WalletHub sifted through 7000 deals advertised in 2018 Black Friday ads from 35 major U.S. companies to figure out where you should concentrate your shopping energy this season.

While you might hear a lot about Black Friday at major retailers like Walmart and Best Buy each year, this data shows that focusing on smaller, regional department stores can net you the most savings. Stores like Belk (located across the South), Meijer (a Midwestern superstore), Fred Meyer (based in the Pacific Northwest), and Shopko (Wisconsin) all offer some of the steepest discounts, outpacing bigger corporations like Target and Kohl's. Stage, based in Houston with stores in 42 states, is offering some of the biggest discounts this year in four of the 11 categories WalletHub studied.

That said, this data is only looking at discount rates, not overall price, so it’s possible that outlets like Amazon that already offer lower base prices may be a better overall deal. With that in mind, here are the 10 stores with the highest overall discount rates:

1. Belk (68.91 percent)
2. JCPenney (65.13 percent)
3. Stage (62.08 percent)
4. Kohl's (60.76 percent)
5. New York & Company (54.52 percent)
6. Payless ShoeSource (50.34 percent)
7. Dick's Sporting Goods (49.94 percent)
8. Macy's (48.74 percent)
9. Fred Meyer (45.30 percent)
10. Shopko (45.23 percent)

These are the top five stores for consumer electronics discounts:

1. Fred Meyer (51.96 percent)
2. Academy Sports + Outdoors (46.28 percent)
3. Staples (42.26 percent)
4. Belk (41.32 percent)
5. Walmart (39.61 percent)

And the top five stores for discounts on phones and computers:

1. Lenovo (40 percent)
2. JCPenney (39.24 percent)
3. Office Depot and OfficeMax (37.94 percent)
4. Target (36.82 percent)
5. Kohl's (35.82 percent)

These are top 5 for appliances:

1. Stage (59.50 percent)
2. Belk (56.64 percent)
3. Fred Meyer (52.50 percent)
4. Big Lots (50.02 percent)
5. Newegg (46.17 percent)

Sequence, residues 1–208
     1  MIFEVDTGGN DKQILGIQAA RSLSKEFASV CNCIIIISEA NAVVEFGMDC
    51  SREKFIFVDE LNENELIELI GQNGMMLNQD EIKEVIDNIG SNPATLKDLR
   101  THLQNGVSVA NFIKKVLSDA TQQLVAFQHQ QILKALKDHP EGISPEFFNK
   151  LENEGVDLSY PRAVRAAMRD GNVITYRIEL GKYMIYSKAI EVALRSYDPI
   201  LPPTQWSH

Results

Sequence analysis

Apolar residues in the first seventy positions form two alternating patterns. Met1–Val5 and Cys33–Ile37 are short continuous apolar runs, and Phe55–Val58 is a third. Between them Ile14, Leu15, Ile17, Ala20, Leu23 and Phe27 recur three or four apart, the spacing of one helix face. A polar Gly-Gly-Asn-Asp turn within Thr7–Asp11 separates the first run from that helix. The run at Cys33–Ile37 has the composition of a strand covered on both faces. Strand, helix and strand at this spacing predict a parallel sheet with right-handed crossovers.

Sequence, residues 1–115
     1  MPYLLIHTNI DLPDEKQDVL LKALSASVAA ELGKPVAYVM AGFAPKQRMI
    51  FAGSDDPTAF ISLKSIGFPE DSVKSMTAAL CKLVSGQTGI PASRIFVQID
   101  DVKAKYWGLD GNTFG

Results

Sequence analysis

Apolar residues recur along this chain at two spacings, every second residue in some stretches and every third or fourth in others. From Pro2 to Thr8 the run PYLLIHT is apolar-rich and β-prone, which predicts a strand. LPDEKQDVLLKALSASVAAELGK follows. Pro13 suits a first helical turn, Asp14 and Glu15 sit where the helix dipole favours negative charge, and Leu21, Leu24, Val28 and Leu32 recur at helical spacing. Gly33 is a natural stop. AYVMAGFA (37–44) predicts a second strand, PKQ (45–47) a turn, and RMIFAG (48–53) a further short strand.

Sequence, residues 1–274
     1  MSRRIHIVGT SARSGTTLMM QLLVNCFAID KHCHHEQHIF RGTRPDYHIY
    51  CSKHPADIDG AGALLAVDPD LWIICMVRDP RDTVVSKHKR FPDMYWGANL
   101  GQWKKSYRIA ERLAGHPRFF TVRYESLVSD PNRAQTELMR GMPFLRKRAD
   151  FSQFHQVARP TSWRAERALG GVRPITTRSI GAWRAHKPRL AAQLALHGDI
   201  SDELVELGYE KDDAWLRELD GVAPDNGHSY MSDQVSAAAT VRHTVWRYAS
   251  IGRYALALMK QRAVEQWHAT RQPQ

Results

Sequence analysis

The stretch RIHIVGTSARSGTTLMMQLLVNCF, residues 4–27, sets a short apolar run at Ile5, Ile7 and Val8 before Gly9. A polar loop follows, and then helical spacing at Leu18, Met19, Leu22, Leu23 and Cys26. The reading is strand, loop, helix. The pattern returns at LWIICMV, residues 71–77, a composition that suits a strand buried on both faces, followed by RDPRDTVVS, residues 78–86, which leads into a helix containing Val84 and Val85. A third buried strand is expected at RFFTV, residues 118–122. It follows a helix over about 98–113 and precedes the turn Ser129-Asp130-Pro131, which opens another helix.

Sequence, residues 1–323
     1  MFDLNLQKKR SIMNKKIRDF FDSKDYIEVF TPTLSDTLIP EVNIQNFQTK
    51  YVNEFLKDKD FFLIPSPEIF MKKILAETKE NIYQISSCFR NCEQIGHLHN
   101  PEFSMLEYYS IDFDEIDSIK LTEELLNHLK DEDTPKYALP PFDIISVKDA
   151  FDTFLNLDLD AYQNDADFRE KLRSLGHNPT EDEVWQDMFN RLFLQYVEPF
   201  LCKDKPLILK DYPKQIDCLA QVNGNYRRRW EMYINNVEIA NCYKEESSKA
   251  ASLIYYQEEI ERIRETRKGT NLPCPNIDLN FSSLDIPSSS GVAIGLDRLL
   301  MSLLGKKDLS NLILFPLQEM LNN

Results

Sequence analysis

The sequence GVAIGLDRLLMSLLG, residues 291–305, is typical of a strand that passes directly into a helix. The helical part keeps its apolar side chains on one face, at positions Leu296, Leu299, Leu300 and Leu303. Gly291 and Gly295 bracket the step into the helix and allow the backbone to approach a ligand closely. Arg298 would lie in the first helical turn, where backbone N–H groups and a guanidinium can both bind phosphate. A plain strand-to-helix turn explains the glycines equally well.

And, last, the top five for toys:

1. Stage (55.78 percent)
2. Belk (53.89 percent)
3. JCPenney (47.41 percent)
4. Jet.com (43.91 percent)
5. Meijer (43.48 percent)

For the full rankings, head to WalletHub.

13 Facts About Charlemagne

A representation of Charlemagne from the Cathedral of Moulins, France
A representation of Charlemagne from the Cathedral of Moulins, France
Vassil, Wikimedia Commons // Public Domain

Between 768 and 814 CE, Charlemagne—also known as Karl or Charles the Great—ruled an empire that spanned most of Western Europe. After years of relentless warfare, he presided over present-day France, Germany, Belgium, the Netherlands, and other territories. The Carolingian Renaissance (a revival named for the dynasty founded by Charlemagne's grandfather) rose out of the bloodshed, with an accelerated artistic and literary output that both celebrated antiquity and pushed for a newly standardized Christian culture. Nevertheless, the might of this empire rested on Charlemagne alone, and after his death it quickly fell apart. Here are 13 facts about the first Holy Roman Emperor.

1. HIS FATHER WASN'T BORN A KING.

Charlemagne's father, Pepin III—often called Pepin the Short—was mayor of the palace (administrator of the royal court) before he was named the first King of the Franks. After a concerted campaign to become ruler, Pepin finally became king in 751, and three years later was officially anointed by the pope, who at the same time anointed Pepin's sons Carloman and Charles (the future Charlemagne) with the holy oil that demonstrated their special status. Pepin III served until 768.

2. HIS BROTHER DIED SOON AFTER BECOMING CO-KING.

After Pepin III died, Charlemagne shared power with his younger brother Carloman, with the two acting as joint kings. It wasn't a smoothly shared reign, however, as evidenced by a 769 episode in which Carloman seemed to undermine Charlemagne's authority by refusing to assist in quashing a revolt in Aquitane. Then, Carloman suddenly died in 771.

Exactly how Carloman perished so conveniently is mysterious. The most common account is that he died of a nosebleed, though what caused it is a matter of debate, with one historian proposing a peptic ulcer as the underlying issue. Whatever the cause, after his death Charlemagne concentrated all of Carloman’s land and power and became the sole King of the Franks.

3. HE IS CONSIDERED THE FATHER OF EUROPE.